A delightfully scathing dismissal of a certain male type (you know the ones, long hair, raggle taggle), delivered with clear-eyed cool and bracing power chords.

It’s never sweeter than at this glorious kiss-off –

You can get away with anything these days.

SlowPlaceLikeHome – She comes in colour stereo (Bluestack Records)

The first taste of the debut album of Keith Mannion from Donegal and it’s very much in keeping with the EPs that came before it; that is to say, warm and fuzzy synth textures with buckets of heart and soul.

There’s a class tune at the core, with more than a hint of kosmische to it, although considerably more uptempo than that might lead you to believe.

But what I like most about it is the wonderful building arrangement, a great combination of pulses and washes and squelches.

And (in a break from the earlier EPs) some vocals you can actually – mostly – decipher.

Say hello to the soundtrack of your summer.

Playlist 315 - June 17 2014

Today is the 25th anniversary of the death of Cork post-punk legend Finbarr Donnelly (there's a special tribute event at The Pavilion to mark the date). We had to have some Five Go Down To The Sea to mark it in our own way - 'There's a fish on top of Shandon (swears he's Elvis)' still sounds remarkable today.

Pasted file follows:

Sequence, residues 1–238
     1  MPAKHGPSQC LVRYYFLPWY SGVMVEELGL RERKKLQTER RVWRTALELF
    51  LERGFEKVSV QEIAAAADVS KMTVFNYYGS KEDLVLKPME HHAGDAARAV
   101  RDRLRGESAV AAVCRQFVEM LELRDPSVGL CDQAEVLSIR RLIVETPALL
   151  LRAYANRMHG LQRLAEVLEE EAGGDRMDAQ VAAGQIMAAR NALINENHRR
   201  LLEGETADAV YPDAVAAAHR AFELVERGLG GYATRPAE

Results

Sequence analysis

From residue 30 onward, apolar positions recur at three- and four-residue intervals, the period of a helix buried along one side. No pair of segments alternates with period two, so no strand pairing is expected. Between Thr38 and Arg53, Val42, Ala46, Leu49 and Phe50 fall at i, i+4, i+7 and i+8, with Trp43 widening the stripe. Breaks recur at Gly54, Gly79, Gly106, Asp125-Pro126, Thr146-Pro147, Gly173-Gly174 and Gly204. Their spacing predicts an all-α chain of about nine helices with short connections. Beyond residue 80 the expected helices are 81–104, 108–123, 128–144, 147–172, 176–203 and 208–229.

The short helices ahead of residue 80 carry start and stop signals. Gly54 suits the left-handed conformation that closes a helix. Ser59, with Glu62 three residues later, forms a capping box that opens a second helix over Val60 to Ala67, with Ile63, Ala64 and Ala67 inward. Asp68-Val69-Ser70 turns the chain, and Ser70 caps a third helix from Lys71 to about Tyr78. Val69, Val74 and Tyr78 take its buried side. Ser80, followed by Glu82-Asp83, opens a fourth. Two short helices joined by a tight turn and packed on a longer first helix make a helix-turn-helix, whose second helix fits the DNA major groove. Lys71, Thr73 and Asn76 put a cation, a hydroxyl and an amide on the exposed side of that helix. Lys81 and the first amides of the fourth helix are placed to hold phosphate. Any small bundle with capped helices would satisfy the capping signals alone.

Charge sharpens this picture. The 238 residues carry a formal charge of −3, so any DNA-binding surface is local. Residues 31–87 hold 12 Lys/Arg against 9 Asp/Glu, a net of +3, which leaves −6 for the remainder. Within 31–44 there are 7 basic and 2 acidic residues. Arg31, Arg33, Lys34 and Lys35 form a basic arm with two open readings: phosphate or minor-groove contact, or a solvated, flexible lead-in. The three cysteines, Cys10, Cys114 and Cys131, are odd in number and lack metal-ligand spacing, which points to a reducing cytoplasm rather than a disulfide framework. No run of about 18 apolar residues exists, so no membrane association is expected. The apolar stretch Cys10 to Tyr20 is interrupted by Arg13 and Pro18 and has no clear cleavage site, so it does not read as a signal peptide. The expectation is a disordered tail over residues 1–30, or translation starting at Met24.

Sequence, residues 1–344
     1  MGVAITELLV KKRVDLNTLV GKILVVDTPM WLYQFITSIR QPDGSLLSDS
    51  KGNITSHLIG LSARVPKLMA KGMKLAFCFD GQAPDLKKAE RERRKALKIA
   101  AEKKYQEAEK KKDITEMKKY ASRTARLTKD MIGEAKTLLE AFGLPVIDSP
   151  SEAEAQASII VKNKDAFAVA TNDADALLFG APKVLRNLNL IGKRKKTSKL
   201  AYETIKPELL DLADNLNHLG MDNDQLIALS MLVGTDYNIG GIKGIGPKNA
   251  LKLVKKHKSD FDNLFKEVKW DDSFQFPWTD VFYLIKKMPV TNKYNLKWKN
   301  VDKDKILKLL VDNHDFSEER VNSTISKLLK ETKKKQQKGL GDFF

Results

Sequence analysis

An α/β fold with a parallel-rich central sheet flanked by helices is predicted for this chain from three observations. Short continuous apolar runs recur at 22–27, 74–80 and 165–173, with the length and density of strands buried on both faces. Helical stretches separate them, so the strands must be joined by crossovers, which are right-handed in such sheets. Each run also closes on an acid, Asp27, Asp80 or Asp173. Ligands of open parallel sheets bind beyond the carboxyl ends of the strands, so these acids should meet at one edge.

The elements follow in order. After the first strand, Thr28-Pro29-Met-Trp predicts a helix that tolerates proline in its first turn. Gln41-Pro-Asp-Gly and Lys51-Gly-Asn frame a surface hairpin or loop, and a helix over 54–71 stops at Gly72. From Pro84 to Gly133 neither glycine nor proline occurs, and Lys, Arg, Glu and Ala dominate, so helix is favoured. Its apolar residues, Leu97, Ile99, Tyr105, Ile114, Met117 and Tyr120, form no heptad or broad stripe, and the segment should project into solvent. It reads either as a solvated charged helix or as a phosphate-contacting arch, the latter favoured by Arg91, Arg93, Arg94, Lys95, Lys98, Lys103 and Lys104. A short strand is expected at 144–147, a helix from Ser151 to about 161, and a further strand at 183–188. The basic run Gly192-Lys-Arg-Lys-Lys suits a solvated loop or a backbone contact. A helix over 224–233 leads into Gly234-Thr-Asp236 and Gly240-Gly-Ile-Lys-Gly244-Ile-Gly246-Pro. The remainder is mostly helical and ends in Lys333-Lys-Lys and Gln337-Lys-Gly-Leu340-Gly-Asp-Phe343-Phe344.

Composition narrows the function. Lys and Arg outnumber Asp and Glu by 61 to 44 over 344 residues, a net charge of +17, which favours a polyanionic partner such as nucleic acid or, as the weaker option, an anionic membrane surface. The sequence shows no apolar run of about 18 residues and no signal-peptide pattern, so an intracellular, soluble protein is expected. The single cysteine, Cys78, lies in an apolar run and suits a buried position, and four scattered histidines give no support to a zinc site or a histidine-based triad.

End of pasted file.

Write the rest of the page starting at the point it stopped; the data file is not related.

Remember Dark Captain? Meet Astronauts, that's Dan Carney's new group, sounding quite in keeping and just as great as before, cellos and beats and drones. Nice to hear it with the folk swing of Arch Garrison and the spooky cultish mood of Paul Giovanni's Wicker Man film music.

Trans Am, The Elwins, Matmos and more, check them all on these pages.

June 17 2014 w/ Death in the Sickroom,FGDTTS,Arch Garrison,Wicker Man s'track,Trans Am,The Elwins++ by Conor O'Toole on Mixcloud

The Underground of Happiness
uplifting pop music of every creed


www.theundergroundofhappiness.blogspot.com
www.facebook.com/theundergroundofhappiness

Playlist 31…

Sun Kil Moon – Ben’s my friend (from the album Benji, Caldo Verde Records)